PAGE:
Canada no less than America is a land which has justly earned the affection and piety of her citizens. Indeed, that she has been among my country’s truest allies only fortifies my neighborly fondness. I shall not forget, for instance, that Canadians had one of the toughest beaches to storm on D-Day.

God bless Canada, and congratulations! One of her sons has won gold on her home soil. O Canada, home and native land to a hardy race of men: may many of her sons be crowned again for gallantry in her name.

That tribute made, I am emboldened to take a shot at justifying the varied assemblage of themes indicated in the reckless and even irresponsible title to this post.

Continue reading "Canadian gold, Rousseau's Poland, and patria in the heart." »

February 17, 2010

Ash Wednesday

The repentance of Ninevah. (artist unknown)

February 18, 2010

Allen West and Charles Martel--Warriors for the West

No web site like ours with Charles Martel on its masthead could possibly pass up the following wonderful video clip of Colonel Allen West explaining succinctly that jihad is "not a perversion" of Islam and referring expressly to Charles Martel. Watch it. It's short.

I noticed a couple of things, aside from the excitingly unambiguous words of West himself. First, I noticed the discomfort of the other panelists with the question. Is that just my perception? I hope I'm wrong. Which one of them said, "I plead the fifth"? Whoever said it should be put to shame by West's answer. (West says that he doesn't care about being popular, which is especially striking since he's running for Congress.)

Second, I noticed that the audience burst into applause when he said that this is not a perversion. Take note, all you wimps who want to "plead the fifth." There are grassroots people out there who prefer to hear the truth, spoken forthrightly.

Kudos to Allen West. May many more follow his example.

HT: Andrew Bostom via VFR.

February 19, 2010

More on the Trinity and mystery


Dale Tuggy and I have been debating the issues addressed in my recent posts on the doctrine of the Trinity and its status as a “mystery.” Here is my latest contribution. And above, naturally, an appropriate comic book cover.

Preemptive whining on behalf of Muslim murderers--Does it work?

According to prosecutors, Faleh Almaleki has admitted that he deliberately killed his daughter by running her down with a Jeep Cherokee. Why? She "disgraced the family by not following traditional Iraqi or Muslim values."

He's been charged with first-degree murder, aggravated assault and two counts of leaving the scene of a serious accident. (The last seems sort of...odd. But I guess they wanted to get all the charges in there.)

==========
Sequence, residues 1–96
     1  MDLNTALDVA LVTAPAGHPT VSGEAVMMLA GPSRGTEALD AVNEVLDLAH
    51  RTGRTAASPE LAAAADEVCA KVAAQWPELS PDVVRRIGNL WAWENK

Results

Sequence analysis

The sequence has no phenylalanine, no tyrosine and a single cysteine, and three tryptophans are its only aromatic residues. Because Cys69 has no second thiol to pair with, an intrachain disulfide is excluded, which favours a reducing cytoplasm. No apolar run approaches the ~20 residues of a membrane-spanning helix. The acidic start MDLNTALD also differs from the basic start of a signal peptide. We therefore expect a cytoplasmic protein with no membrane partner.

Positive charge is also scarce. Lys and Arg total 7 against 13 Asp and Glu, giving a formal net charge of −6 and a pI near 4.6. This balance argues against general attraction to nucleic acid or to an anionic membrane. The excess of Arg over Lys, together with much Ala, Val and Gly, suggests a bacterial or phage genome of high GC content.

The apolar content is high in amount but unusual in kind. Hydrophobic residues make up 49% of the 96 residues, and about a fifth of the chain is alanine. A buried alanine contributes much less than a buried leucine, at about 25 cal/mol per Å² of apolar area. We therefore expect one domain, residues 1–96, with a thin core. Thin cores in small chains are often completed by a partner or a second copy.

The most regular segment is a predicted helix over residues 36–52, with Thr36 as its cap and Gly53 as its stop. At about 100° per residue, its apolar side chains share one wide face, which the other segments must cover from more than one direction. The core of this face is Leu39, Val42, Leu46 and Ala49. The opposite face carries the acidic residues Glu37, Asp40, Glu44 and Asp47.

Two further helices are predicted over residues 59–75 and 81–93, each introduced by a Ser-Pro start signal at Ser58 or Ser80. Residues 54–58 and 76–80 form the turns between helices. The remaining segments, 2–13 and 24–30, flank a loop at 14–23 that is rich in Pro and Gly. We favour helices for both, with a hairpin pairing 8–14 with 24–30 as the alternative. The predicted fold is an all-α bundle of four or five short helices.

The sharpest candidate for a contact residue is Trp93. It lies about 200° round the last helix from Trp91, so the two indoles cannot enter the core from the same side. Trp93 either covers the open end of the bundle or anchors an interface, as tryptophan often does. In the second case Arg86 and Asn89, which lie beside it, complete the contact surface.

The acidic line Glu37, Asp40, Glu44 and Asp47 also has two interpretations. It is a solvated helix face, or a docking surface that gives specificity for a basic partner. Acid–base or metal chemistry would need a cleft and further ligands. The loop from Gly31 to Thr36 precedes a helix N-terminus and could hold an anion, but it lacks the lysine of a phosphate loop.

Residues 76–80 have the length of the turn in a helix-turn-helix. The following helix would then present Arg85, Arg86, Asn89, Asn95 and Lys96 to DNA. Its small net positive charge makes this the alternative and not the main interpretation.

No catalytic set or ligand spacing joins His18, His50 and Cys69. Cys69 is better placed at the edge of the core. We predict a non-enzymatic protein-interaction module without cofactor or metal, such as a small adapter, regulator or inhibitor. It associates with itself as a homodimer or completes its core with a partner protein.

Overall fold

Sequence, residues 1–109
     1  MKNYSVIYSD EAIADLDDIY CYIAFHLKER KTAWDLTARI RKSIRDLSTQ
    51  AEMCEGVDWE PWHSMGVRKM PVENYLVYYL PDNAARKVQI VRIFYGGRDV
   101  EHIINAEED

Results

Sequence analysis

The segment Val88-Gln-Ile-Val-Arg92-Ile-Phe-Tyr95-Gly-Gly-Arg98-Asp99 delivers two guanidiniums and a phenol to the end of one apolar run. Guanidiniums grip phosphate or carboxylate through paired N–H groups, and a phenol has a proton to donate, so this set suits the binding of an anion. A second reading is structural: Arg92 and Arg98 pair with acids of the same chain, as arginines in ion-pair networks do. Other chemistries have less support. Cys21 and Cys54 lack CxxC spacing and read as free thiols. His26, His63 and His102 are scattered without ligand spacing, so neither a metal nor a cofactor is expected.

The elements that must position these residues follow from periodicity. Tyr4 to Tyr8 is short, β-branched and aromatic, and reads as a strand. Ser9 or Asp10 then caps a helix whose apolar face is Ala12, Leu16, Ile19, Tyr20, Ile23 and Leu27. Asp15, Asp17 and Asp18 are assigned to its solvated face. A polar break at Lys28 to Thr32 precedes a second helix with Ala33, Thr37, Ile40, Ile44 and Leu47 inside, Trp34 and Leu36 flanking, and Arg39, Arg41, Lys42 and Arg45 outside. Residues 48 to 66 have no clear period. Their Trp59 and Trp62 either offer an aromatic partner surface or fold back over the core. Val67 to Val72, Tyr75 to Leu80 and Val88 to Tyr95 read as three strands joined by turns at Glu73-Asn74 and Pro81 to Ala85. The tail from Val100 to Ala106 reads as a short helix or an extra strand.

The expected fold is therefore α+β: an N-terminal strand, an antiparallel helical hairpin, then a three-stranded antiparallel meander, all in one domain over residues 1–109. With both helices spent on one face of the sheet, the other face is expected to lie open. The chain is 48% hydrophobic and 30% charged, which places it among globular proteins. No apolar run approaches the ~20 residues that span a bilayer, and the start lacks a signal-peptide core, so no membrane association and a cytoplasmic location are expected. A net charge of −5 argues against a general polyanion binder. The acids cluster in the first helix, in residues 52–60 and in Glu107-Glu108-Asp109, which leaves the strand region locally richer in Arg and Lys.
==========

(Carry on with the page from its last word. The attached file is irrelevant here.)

So his court-appointed attorney decided to start whining in advance of the prosecutor's decision on whether to seek the death penalty. See, the county prosecutor is known to be a Christian. Wouldn't it be terribly unprofessional for the accused's attorney to bring that up? It sure seems so to me. But I guess if you're appointed a defense attorney in a Muslim honor killing, you are automatically endowed with extra chutzpah. Here was Attorney Little's preemptive strike:

Little requested that the office make public the process it uses to determine whether to seek capital punishment.

"An open process provides some level of assurance that there is no appearance that a Christian is seeking to execute a Muslim for racial, political, religious or cultural beliefs," Little wrote, referring to County Attorney Andrew Thomas' Christian faith.

The prosecutor's office has, indeed, decided not to seek the death penalty.

I'm actually not going to say that I know that the preemptive whining worked. I imagine that the prosecutor often decides not to seek the death penalty. Heaven knows, it's hard enough to get the death penalty these days unless you have raped or tortured your victim before the murder. He merely ran her down with a car, so...So I'm not going to jump to conclusions as to the actual reasons for the decision not to seek the death penalty.

But this will undoubtedly be interpreted by the Muslim community as meaning that instantaneous and entirely unfounded complaining about bias pays, even when it's done on behalf of blatant murderers. And that is very, very disturbing. Next stop: Nidal Hasan tries it?

HT: Atlas Shrugs

February 21, 2010

And this is science?

In the book of memoirs Surely You're Joking, Mr. Feynman, Richard Feynman tells the hilarious story of his encounter with army psychiatrists when it seemed he might be drafted during WWII. Feynman couldn't stand psychiatrists (he didn't think much of philosophers, either), and he had a lot of fun getting the shrinks to declare him mentally unfit merely by telling them the truth. It's a great story. At one point, he asks one of them, "What did you study in school?" The psychiatrist says, "Medicine." Feynman looks at him and says, "And this is medicine?" When he gets to see the notes documenting his alleged mental instability, Feynman finds that that psychiatrist wrote down, "Very peculiar stare." Says Feynman, shrewdly, "I knew what that was. It was when I said, 'And this is medicine?'"